One of the few positives to emerge from the Brexit debacle in the United Kingdom over the last two years has been the dismay and confusion it has sown among the British apologist clique in Ireland’s news media. Several Irish newspaper columnist and authors, veterans of the revisionist movement and the long campaign to rehabilitate the reputation of UK rule on this island nation, have found themselves in a sort of ideological fugue in recent months; temporarily nonplussed as the instinctive indifference or antipathy of their patrons to the east towards the well-being of this country has come to the fore once again. However, with the corrosiveness of Brexitism undermining the apologist claim that a homogenising veneer of West Britishness should be daubed over a distinct and separate base of Irishness, in desperation the revisionists have fallen back on the tried and tested tactics of old. It is not the British who should be blamed for the current strained relations between Dublin and London, they argue, but the inherent primitiveness of the Irish psyche and its recourse to tribalism and crude anti-British sentiment during times of stress.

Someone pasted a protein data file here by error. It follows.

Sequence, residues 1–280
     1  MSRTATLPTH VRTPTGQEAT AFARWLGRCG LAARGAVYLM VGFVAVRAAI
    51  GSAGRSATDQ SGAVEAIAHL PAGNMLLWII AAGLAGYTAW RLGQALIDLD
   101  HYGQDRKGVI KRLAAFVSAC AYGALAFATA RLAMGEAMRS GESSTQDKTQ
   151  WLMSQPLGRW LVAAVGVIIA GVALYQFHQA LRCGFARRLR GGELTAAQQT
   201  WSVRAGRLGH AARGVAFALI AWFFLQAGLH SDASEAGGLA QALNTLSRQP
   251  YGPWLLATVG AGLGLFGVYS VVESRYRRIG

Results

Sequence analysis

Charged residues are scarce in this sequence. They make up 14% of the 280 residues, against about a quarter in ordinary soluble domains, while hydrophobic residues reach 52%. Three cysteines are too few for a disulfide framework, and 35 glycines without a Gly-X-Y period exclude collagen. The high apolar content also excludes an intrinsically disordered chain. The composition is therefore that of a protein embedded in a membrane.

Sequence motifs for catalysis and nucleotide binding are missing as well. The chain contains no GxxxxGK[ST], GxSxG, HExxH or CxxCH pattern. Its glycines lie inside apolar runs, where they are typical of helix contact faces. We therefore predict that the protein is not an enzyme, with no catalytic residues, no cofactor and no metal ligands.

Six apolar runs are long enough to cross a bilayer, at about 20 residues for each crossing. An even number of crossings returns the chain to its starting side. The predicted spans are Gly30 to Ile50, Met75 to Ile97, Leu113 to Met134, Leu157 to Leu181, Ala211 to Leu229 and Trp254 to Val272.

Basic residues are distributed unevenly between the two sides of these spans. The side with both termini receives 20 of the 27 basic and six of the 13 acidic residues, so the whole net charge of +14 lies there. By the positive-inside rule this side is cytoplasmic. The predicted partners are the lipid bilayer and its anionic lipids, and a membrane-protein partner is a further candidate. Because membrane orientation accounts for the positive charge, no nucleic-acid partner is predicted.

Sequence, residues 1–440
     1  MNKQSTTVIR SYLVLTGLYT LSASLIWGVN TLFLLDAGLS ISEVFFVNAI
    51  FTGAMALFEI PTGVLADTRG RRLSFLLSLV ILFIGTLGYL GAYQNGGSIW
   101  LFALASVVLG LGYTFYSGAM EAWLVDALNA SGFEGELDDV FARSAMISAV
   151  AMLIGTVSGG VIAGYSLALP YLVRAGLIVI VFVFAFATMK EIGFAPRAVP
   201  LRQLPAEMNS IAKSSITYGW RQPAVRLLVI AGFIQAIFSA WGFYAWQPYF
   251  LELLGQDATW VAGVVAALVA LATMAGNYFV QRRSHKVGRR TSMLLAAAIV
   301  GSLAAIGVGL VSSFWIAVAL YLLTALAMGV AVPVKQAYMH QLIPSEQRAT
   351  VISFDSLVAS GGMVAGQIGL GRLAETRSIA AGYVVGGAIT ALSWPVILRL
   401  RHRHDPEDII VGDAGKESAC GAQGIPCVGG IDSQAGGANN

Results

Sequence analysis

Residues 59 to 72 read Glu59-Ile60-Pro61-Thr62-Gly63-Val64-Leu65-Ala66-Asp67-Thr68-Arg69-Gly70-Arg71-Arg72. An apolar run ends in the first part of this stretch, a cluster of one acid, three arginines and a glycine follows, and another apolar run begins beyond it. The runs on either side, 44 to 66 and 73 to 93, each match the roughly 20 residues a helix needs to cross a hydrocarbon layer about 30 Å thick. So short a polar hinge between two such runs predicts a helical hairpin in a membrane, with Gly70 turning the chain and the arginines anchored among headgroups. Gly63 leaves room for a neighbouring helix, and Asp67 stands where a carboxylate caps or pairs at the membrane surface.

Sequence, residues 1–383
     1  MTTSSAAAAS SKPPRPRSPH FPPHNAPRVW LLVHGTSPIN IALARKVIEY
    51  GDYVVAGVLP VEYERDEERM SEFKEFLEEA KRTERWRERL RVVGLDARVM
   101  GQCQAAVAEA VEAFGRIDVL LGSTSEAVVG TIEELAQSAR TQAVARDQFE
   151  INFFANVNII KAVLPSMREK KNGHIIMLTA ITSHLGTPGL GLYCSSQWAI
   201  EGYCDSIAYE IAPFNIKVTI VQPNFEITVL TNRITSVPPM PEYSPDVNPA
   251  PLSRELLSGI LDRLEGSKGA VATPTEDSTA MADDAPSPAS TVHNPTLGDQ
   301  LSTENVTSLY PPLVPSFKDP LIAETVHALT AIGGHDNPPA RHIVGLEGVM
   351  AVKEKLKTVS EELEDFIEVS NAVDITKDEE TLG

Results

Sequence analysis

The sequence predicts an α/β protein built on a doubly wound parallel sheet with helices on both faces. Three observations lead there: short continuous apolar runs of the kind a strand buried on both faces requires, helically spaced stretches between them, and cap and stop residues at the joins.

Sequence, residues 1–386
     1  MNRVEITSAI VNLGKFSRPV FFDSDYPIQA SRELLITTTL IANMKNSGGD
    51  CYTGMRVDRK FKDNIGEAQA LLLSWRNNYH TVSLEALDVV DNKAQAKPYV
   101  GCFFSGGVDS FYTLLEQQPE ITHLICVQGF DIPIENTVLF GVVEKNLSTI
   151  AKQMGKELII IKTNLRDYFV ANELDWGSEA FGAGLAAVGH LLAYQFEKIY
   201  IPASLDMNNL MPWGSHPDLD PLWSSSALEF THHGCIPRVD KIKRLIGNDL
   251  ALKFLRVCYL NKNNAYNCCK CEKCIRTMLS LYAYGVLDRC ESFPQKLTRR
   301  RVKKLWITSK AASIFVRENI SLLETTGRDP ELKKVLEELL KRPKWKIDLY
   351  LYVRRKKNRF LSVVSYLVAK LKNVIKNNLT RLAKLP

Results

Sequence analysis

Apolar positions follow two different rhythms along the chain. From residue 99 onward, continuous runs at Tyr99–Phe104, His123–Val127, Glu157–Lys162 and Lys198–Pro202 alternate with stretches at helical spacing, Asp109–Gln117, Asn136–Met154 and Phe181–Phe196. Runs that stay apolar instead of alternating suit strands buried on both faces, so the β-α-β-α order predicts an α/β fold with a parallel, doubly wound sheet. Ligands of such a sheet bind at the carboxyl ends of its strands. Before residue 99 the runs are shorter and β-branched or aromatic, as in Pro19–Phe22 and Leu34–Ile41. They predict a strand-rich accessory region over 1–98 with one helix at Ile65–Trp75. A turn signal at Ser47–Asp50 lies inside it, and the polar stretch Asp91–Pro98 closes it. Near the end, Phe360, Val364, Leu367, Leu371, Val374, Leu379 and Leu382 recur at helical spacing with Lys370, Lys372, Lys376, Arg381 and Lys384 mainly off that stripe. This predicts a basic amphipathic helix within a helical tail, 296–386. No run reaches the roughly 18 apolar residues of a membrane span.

Since this form of internalised racism now struggles to find a receptive airing in Ireland itself, some Irish defenders of Britain have sought intellectual refuge among the British conservative and nationalistic press, validating the belief of their Britannic mentors in the essential churlishness and rapacity of the average Hibernian. It is execrable stuff by execrable individuals whose political and cultural heyday has come and gone, but its potential for long-lasting damage is still great. The toxic half-life of hibernophobia among the inhabitants of Greater England can be measured in decades and centuries and it beggars belief that there are some individuals aiding and abetting in its dispersal who nominally claim to be of this island. Or acting in its best interests.